So we have ~0.3097% chance of dying on a birthday while statistically (1/365) would lead us to believe there is only ~0.27397% chance of dying on a birthday. That is indeed a 13% increase in chance of death on a birthday from 1/365. Of course this sample is only for Americans and only has 45 million records, I'm sure organizations who originally published their paper had access to much more reliable and larger death indexes. However, I think that it is indeed valid that deaths on a birthday is more likely than death on any other day.

Here's a Time article citing jumps in reasons for death on birthdays: Article

Edit 2: @cbeleites pointed out that I forgot to account for same day deaths, which would be a huge factor in increasing deaths on birthdays. Strictly speaking my data is still valid but I did not throw out if a person died on the same day they were born. It's interesting that my results were not affected too heavily by this error so it seems that these records don't include death on first day. I'll look into it later. I'm thinking there would be very interesting statistics I can look for such as death on days of the month and make a heatmap of some sort. I'll probably try to do that sometime...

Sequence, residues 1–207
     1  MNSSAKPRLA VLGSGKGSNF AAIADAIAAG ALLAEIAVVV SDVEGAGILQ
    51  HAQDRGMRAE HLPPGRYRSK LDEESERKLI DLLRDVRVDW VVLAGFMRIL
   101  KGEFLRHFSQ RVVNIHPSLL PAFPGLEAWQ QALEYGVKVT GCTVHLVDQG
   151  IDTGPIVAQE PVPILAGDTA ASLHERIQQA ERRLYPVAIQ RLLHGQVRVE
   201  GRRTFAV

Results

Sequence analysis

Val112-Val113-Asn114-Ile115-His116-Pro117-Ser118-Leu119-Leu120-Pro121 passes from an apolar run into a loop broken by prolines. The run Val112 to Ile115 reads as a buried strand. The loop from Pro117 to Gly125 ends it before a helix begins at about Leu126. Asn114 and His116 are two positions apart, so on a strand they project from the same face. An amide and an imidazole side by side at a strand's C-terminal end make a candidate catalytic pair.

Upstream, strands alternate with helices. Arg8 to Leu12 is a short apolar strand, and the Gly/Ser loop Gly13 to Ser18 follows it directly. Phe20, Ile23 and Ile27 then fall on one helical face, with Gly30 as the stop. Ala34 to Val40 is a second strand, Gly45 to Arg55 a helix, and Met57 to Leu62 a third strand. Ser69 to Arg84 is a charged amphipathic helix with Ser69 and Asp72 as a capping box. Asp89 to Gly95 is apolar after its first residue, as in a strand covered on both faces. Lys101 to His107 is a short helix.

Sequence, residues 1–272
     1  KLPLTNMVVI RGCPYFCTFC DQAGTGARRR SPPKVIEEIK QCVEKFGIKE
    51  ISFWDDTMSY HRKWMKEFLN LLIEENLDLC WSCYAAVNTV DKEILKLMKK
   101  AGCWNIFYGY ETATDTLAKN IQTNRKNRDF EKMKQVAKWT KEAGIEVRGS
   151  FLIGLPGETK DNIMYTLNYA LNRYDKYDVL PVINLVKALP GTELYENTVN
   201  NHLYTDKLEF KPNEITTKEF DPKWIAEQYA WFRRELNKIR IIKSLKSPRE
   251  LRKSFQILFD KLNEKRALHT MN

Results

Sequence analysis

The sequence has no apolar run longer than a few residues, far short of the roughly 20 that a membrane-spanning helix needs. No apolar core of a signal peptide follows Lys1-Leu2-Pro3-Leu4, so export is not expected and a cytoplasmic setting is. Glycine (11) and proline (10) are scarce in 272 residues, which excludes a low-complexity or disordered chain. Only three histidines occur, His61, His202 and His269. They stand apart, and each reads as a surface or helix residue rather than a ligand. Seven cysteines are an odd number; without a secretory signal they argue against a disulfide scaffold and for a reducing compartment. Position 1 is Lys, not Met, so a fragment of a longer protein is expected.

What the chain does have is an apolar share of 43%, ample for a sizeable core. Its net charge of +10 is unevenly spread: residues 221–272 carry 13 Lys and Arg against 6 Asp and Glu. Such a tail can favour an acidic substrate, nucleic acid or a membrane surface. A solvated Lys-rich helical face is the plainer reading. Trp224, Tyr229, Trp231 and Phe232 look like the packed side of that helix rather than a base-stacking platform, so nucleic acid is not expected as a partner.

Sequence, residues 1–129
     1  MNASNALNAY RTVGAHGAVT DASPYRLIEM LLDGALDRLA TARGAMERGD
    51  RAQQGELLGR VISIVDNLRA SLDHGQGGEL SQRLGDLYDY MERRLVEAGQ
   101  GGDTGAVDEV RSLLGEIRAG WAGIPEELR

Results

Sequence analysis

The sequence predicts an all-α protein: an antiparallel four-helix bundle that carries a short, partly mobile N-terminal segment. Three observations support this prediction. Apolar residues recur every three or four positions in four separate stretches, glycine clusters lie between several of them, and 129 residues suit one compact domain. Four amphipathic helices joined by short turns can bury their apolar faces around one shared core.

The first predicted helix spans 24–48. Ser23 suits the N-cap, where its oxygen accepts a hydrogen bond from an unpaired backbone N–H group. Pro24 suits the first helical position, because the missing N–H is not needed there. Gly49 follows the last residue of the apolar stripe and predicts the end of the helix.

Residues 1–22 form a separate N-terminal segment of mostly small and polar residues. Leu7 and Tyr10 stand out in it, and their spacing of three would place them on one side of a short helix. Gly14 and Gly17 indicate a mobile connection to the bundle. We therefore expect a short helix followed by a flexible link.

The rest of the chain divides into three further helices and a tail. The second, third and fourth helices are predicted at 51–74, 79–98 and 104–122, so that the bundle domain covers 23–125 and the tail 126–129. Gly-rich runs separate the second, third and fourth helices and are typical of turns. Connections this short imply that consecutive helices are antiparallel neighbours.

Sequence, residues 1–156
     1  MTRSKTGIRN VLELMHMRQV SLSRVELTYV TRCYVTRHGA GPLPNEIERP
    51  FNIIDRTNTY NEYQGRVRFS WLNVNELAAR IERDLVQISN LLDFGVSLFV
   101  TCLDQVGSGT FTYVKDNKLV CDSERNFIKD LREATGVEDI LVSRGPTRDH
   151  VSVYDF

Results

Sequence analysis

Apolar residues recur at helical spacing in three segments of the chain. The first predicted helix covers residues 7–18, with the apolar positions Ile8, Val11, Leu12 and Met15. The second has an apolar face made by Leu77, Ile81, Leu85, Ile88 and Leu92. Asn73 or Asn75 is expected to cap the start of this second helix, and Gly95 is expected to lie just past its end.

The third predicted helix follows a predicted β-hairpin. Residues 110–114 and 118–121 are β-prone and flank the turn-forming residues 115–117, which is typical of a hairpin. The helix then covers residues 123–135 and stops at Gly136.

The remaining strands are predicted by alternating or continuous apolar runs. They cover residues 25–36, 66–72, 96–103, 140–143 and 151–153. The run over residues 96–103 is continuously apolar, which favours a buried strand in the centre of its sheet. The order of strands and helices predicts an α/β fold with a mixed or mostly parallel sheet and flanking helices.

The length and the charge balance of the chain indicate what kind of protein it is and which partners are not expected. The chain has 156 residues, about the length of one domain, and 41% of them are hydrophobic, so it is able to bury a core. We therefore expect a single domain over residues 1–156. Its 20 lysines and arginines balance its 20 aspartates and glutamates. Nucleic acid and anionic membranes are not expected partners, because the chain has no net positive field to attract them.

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    $\begingroup$ No, this is interesting too. I was hoping to think about this question beyond simply 1/365. $\endgroup$ – jbranchaud Dec 28 '13 at 17:09
  • $\begingroup$ Can you post a link to the free data? $\endgroup$ – assumednormal Dec 28 '13 at 17:29
  • $\begingroup$ Sorry, I messed up pasting the second link. I fixed it on my post but here you go: ssdmf.info/download.html I currently can't do the script because I have some college apps to finish and the files are 2GB each... :( $\endgroup$ – Mike Shi Dec 28 '13 at 17:34